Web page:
|Available ONLY until the first 2 years of post-|
secondary education are completed
|Available for all years of postsecondary education and for courses to acquire or improve job skills |
|Available ONLY for 2 years per eligible student ||Available for an unlimited number of years |
|Student must be pursuing an undergraduate degree or other recognized education credential ||Student does not need to be pursuing a degree or other recognized education credential |
|Student must be enrolled at least half time for at least one academic period beginning during the year ||Available for one or more courses |
|No felony drug conviction on student's record ||Felony drug conviction rule does not apply|
The following rules will help you determine if you are eligible to claim the Hope credit on your tax return.taxmap/pubs/p970-003.htm#en_us_publink100020766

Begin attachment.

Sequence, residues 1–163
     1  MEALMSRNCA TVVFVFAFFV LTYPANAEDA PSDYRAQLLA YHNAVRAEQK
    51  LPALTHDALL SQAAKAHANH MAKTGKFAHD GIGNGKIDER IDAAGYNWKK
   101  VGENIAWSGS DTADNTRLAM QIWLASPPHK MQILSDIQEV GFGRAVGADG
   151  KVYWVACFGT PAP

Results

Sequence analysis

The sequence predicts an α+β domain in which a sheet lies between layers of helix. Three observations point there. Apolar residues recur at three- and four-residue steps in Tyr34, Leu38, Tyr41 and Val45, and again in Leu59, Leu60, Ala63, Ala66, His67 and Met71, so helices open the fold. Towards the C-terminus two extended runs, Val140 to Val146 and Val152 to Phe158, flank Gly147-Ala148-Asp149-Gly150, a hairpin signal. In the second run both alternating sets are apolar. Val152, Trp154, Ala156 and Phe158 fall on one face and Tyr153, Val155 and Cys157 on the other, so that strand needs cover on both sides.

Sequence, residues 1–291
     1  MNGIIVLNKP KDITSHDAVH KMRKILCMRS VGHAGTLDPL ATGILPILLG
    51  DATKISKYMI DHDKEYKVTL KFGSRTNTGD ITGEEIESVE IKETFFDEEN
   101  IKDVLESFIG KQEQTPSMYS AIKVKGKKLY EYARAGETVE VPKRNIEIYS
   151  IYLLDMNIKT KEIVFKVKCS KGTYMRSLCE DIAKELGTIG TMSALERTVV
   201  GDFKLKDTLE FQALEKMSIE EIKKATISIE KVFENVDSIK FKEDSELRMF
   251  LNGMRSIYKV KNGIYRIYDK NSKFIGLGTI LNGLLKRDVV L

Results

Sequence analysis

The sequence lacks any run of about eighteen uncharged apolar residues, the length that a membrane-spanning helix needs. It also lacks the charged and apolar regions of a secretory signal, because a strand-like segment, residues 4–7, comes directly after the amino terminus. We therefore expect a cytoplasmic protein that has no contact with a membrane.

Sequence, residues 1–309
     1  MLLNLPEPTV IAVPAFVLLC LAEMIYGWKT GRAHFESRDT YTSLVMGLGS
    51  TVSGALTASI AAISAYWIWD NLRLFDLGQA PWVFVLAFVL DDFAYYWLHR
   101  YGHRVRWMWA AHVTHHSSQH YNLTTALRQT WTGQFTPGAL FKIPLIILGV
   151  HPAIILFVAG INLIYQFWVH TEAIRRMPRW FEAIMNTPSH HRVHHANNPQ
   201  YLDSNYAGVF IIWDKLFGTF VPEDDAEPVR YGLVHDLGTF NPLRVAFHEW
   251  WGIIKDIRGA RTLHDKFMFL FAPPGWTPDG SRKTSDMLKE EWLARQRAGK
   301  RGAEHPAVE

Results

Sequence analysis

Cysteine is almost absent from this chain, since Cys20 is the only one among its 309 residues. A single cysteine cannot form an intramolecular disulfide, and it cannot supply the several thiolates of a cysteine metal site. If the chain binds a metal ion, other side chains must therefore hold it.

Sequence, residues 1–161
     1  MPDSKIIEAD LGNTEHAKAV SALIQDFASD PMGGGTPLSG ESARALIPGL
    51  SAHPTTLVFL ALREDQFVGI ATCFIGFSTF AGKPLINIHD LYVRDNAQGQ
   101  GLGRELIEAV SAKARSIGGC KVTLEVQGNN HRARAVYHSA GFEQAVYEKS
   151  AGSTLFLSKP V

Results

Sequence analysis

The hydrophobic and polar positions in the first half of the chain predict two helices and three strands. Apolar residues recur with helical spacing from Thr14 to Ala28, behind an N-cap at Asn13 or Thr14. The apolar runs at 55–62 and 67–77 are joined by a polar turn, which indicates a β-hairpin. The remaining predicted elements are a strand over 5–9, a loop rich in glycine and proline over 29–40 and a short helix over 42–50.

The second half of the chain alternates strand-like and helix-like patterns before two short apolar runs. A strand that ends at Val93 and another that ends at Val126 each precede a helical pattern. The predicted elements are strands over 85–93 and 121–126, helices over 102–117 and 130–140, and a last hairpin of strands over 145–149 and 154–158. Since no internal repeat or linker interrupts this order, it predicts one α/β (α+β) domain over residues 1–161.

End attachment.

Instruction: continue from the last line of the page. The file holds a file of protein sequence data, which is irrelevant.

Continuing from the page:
Generally, you can claim the Hope credit if all three of the following requirements are met.
- You pay qualified education expenses of higher education.
- You pay the education expenses for an eligible student.
- The eligible student is either yourself, your spouse, or a dependent for whom you claim an exemption on your tax return.
Qualified education expenses paid by a dependent for whom you claim an exemption, or by a third party for that dependent, are considered paid by you.
You may find Figure 2-1, on the next page, helpful in determining if you can claim a Hope credit on your tax return. taxmap/pubs/p970-003.htm#en_us_publink100020769
You cannot claim the Hope credit for 2008 if any of the following apply.
- Your filing status is married filing separately.
- You are listed as a dependent in the Exemptions section on another person's tax return (such as your parents'). See Who Can Claim a Dependent's Expenses, later.
- Your modified adjusted gross income (MAGI) is $58,000 or more ($116,000 or more in the case of a joint return). MAGI is explained later under Effect of the Amount of Your Income on the Amount of Your Credit.
- You (or your spouse) were a nonresident alien for any part of 2008 and the nonresident alien did not elect to be treated as a resident alien for tax purposes. More information on nonresident aliens can be found in Publication 519, U.S. Tax Guide for Aliens.
- You claim the lifetime learning credit or a tuition and fees deduction for the same student in 2008.